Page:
Saturday, January 31, 2015

Best Inspector Morse Episodes

Inspector Morse is paradoxically both the best of all of the popular British detective series and also the hardest to recommend to friends.

It is one of the hardest to recommend for quite a few reasons.  The outfits and hair styles are dated (and not charmingly so). The video and sound quality is poor by today's standards (if practically 4K compared to the Hickson Miss Marples).   The stories take their time to unfold.   So Foyle's War might instead be for those wanting something with gravitas and historic weight, and Midsomer Murders to those wanting something lighter.

Nonetheless Morse is, well, Morse.  Or more specifically, Morse is John Thaw.  Inspector Morse is no ensemble show (although the supporting regulars are serviceable and Lewis is as affable as ever).  Instead, Thaw turns in one wonderful performance after the next.  (He owns the role, unlike his far-too-smiley Kavanagh performances, which may in fact be more aligned with his off-screen personality.)

If there is a candidate for best supporting actor in the series, it would be Oxford itself.  The architecture and culture permeate every scene.  And the writing, in plots and characters. demands re-watching .  One also  appreciates the music and Morse's flat (so the combination of the two is near perfection.)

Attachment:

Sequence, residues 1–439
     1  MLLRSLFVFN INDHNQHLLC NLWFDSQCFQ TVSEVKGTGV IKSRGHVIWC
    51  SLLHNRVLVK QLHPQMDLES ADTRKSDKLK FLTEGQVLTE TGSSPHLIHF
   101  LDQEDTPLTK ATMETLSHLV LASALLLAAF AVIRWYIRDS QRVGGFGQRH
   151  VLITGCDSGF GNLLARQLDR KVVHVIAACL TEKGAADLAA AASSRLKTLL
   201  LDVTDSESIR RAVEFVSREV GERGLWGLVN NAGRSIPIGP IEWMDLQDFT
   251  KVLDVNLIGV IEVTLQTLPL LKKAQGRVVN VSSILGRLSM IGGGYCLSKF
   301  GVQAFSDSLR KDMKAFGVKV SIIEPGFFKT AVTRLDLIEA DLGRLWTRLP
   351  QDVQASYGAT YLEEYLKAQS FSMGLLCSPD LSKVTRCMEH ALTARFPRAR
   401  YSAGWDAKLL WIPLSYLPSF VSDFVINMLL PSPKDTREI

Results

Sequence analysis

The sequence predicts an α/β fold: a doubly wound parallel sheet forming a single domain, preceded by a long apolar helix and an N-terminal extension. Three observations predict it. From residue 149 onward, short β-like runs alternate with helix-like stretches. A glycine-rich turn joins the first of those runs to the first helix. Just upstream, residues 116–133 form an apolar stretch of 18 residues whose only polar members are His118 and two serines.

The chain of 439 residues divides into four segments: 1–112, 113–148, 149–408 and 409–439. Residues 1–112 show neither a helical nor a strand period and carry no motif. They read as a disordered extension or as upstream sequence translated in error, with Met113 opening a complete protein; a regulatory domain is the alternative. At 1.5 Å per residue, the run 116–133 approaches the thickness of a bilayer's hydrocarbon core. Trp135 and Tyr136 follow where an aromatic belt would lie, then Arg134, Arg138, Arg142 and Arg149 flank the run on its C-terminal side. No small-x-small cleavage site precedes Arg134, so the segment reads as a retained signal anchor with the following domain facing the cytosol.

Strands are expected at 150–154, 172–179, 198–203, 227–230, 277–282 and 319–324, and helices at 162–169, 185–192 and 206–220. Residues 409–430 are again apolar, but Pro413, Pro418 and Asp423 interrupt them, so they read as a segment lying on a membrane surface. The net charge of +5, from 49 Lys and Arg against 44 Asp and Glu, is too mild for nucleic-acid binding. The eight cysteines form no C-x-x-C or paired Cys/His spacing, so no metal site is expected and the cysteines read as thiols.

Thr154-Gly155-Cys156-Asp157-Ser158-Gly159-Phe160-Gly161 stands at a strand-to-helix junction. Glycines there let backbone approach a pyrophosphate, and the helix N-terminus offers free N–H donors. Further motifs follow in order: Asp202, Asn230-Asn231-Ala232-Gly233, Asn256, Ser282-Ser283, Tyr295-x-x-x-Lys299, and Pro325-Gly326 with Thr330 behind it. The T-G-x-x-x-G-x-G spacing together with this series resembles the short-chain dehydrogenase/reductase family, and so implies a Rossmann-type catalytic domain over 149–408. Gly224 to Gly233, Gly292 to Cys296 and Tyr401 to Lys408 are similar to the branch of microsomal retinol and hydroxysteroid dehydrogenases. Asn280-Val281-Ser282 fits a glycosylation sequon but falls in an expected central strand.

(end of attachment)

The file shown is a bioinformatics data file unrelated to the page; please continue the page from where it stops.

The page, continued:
Here are some favorite episodes (or characters or scenes or...):
  • Last Seen Wearing - Morse's best line, "We ought to be able to arrest him for his taste",  after surveying a suspect's flat.  The headmaster gives a nearly-comedic dramatic performance (and in one scene in a very nice Irish Fisherman's sweater).
  • Last Bus to Woodstock - Oxford politics; pub murder; an old Volvo; and perhaps Morse's best withering glance.
  • Ghost in the Machine -  A supremely snobbish and delightful performance by Patricia Hodge;  a discussion of appropriateness of school ties worn as belts; and Morse's commentary on the distastefulness of social envy. This might be a good "first episode" to watch.
  • Deceived by Flight - Simply marvelous cricket scenes with equally marvelous cricket clothing.
  • Driven to Distraction - A love of the Mark 2; creepy; Morse on the edge.
  • Happy Families - Two dreadful grown sons (one of whom is played by Martin Clunes, Doc Martin)  with the most enviable knitwear.  And a moat. 
  • The Day of the Devil -  By far the creepiest of all, complete with church pipe organs, vicars and the underground of Oxford.
  • Twilight of the Gods -  Sir John Gielgud using Oxford England and Oxford Mississippi in the same sentence; and the always wonderful Robert Hardy.
  • Death Is Now My Neighbour - Richard Briers (Hector Naismith MacDonald from Monarch of the Glen), Roger Allam (who would later be in Endeavor), and Maggie Steed more than make up for Holley Chant's American accent. Oxford politics and the reveal of Morse's first name.
And my honorable mentions are:
  • The Last Enemy -  Good Guernsey in the opening scene; impressive Master's quarters; and bespoke clues.
  • The Infernal Serpent - Terrible topic but stars the wonderful Geoffrey Palmer  (Lionel from As Time Goes By).
  • The Sins of the Fathers - Morse solving a crime at a brewery.